Still, he crouched down next to her and held her hand. A waterfall of tears rolled down her cheeks but she didn’t sob. Just quietly cried. Braden tightened his grip on her hand and allowed the anger that had been building inside him to course freely.


Two women—three counting Lilly’s therapist—all murdered so closely together. Whoever this guy was, he’d make a mistake. He had to. Striking in the middle of the day meant he was getting braver. Arrogant.


No matter what happened, Braden was going to bring this guy down.


“Thank you for what you did back there.” Braden kicked his truck into park a few houses down from the only yellow house on Cedar Street. After leaving Mrs. Spinoza’s, he’d immediately called the station and gotten an address on Daniel Walker. The guy had a long rap sheet, including past instances of domestic violence.


Lilly shrugged. “I have a little experience with it. Like I said, I…lost a couple friends in Africa and I went to see their families afterward. There’s not a lot you can do other than listen.”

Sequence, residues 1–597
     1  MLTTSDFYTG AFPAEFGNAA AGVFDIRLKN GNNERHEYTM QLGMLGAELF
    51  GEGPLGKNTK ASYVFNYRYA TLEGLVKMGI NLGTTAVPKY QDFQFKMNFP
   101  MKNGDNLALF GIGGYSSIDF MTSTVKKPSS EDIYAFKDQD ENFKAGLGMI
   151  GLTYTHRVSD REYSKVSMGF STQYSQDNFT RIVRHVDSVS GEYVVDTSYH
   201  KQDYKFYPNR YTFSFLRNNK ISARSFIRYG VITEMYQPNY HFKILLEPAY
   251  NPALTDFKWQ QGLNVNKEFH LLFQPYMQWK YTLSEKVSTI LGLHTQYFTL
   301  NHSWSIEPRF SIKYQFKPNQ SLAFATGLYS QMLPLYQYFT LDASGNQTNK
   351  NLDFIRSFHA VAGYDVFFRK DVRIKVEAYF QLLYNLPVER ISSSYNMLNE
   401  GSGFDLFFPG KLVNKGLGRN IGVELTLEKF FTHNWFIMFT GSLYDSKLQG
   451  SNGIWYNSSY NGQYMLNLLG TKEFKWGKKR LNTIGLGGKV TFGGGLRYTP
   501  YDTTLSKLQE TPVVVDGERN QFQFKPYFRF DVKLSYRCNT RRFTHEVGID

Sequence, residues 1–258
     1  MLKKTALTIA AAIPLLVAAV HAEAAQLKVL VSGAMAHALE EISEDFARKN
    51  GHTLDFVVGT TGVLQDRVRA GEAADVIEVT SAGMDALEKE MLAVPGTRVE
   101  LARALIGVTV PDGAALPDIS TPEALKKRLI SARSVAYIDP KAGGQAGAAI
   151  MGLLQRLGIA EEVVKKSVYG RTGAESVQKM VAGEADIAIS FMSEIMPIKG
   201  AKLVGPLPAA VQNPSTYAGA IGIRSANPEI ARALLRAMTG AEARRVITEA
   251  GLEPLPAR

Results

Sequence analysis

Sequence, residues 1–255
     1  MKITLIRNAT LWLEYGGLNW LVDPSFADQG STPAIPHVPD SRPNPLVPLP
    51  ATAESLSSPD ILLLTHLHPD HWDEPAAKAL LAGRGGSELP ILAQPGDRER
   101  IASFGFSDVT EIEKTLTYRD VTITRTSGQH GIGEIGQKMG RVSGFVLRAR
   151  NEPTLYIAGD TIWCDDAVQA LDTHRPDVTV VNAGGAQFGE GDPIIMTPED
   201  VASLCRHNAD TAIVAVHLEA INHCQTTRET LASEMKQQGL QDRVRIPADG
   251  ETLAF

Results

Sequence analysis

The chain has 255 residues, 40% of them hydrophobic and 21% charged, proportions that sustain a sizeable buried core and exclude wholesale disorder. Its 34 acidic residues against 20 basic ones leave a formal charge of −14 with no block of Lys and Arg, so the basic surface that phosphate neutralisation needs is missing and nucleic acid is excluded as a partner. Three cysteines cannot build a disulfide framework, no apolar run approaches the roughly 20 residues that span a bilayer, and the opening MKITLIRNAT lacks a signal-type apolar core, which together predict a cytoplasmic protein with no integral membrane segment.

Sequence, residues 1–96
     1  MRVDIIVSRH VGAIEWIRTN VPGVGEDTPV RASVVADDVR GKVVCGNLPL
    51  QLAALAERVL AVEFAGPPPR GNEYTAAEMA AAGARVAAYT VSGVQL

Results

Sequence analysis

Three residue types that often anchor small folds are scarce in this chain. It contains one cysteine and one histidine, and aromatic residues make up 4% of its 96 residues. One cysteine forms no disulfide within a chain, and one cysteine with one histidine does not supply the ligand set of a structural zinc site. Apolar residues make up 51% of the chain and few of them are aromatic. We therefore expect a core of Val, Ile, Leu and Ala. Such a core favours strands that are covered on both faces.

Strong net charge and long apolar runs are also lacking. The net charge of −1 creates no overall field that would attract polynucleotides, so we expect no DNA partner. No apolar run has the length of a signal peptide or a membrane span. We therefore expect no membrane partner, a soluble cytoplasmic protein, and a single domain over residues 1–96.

“I know, but still, thank you.”


Her cheeks tinged a light shade of pink, but she didn’t respond.


Braden looked at his watch, then in the rearview mirror. “Where the hell is Perry?” he muttered. His detective should be here by now. Braden hadn’t wanted to waste time dropping Lilly off at the station when he could be picking up their first good suspect.


“Uh, Braden…” He followed Lilly’s nod.


A blond haired man wearing a brown hoodie and jeans had walked into the front yard and was smoking a cigarette. They were too far to make a positive ID, but compared to the picture Perry had sent to his phone, it looked like their guy.


“I’ve got my weapon if you don’t want to wait for backup,” Lilly said.


Braden pulled his gun out of its holster but didn’t make a move to get out. He wanted this guy but he couldn’t put Lilly’s life at risk. “How much training do you have, exactly?” After seeing the way she handled a weapon it was obvious she knew what she was doing but he needed more information.